Researchat KU herpetology investigates the diversity of reptiles and amphibians. A diverse team of researchers uses our collections, field study, and work in the molecular laboratory to discover new diversity, characterize global patterns of diversity, and understand the evolutionary origins of this diversity.

Research at a Glance

Publication Highlights

  • Carl Hutter and colleagues describe a new species of frog from the Ecuadorian Andes that can transform the texture of its skin from smooth to spiky in just a few minutes. This is the first documented discovery of such an ability in vertebrates and was published in the Zoological Journal of the Linnaean Society in 2015. Check out this short video about their discovery.

Field & Lab Work

Our research is typically built around observations of animals in nature. This work in nature motivates our research questions and provides the data we require to answer them. In a typical year, our researchers will participate in more than a dozen research expeditions in locations around the globe, often involving international teams where KU researchers work side by side with researchers from the host country. Our field work typically generates important new research collections that are jointly curated by KU and affiliated institutions in our host countries. Over the past three years (2013-2016) we have been involved with expeditions to at least 12 countries, including the Philippines, India, Cuba, the Solomon Islands, Madagascar, Malaysia, Cameroon, Dominican Republic, the Bahamas, Brazil, Mongolia, and Indonesia.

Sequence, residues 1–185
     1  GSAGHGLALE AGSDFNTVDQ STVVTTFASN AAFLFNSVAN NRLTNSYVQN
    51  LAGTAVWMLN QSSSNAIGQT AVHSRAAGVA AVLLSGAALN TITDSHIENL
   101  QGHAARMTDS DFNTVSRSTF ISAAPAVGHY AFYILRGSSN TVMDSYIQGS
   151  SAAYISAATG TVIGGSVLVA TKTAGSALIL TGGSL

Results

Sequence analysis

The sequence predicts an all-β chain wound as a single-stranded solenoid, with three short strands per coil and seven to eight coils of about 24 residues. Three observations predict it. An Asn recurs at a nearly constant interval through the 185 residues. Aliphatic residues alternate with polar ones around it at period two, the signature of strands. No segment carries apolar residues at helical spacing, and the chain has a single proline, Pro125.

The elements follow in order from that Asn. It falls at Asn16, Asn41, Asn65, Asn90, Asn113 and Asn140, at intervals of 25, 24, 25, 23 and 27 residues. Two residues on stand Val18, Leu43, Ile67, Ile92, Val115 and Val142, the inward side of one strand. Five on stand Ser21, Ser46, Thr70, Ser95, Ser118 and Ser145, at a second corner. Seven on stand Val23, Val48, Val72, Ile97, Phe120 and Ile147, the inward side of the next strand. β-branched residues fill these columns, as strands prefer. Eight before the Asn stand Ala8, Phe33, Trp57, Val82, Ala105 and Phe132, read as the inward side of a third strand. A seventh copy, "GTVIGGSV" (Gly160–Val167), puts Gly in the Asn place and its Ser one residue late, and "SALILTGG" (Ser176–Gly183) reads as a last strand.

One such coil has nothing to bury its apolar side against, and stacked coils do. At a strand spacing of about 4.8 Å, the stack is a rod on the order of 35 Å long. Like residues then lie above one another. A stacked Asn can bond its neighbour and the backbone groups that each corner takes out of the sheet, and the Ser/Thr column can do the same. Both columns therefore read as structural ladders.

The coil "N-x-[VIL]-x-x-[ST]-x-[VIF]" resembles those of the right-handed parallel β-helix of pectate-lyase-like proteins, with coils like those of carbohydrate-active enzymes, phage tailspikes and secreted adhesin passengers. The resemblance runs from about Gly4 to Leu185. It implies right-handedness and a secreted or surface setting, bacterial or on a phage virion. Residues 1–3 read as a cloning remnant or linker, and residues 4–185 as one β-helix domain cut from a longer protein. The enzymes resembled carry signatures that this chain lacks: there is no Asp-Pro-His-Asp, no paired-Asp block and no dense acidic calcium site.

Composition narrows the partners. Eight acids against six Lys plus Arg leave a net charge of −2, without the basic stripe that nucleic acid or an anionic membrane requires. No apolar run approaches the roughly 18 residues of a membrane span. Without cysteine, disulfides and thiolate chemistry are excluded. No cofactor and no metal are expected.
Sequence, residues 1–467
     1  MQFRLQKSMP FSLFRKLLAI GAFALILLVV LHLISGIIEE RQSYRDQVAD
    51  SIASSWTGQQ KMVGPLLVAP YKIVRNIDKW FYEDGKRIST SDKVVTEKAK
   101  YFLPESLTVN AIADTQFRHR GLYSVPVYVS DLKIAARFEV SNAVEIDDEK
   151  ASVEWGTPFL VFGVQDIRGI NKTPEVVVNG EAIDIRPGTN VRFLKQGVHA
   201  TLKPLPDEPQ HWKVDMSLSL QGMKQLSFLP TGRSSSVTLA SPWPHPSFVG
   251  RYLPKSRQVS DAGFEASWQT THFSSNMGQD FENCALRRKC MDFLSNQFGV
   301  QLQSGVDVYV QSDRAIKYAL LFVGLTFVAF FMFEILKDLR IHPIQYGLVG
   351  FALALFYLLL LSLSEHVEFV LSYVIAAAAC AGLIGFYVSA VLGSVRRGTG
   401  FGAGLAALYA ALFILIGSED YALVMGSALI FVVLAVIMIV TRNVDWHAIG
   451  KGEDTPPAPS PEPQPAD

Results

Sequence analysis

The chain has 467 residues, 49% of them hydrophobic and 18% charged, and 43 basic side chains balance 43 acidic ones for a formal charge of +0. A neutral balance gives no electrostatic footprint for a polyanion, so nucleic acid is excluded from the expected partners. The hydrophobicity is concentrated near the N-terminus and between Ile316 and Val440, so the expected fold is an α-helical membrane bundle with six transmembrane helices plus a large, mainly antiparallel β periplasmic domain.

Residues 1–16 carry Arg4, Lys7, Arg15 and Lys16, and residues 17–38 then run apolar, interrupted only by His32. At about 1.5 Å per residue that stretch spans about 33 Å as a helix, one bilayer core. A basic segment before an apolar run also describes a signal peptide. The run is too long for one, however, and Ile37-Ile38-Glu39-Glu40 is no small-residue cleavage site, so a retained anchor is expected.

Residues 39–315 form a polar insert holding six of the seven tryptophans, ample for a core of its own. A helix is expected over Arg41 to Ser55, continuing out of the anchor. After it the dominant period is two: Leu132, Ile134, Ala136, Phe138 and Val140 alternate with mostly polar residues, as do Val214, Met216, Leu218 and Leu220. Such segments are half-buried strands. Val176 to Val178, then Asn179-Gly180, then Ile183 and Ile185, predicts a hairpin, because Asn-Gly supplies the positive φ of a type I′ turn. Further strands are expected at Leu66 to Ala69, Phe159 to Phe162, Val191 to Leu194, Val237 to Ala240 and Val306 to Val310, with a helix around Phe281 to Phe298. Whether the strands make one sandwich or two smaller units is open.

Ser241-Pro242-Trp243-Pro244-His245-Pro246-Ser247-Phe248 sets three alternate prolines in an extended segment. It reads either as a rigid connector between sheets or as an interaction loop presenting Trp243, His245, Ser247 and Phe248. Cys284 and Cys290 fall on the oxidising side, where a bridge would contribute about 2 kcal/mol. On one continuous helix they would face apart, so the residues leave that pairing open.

Undergraduate Abby Fields Conducting LabworkMany KU herpetology researchers conduct molecular genetic studies in the Biodiversity Institute's Molecular Genetics Lab, a shared-use facility available to all members of the BI community. The molecular data collected by researchers in KU herpetology are instrumental in understanding the processes that have shaped the diversity of life on our planet.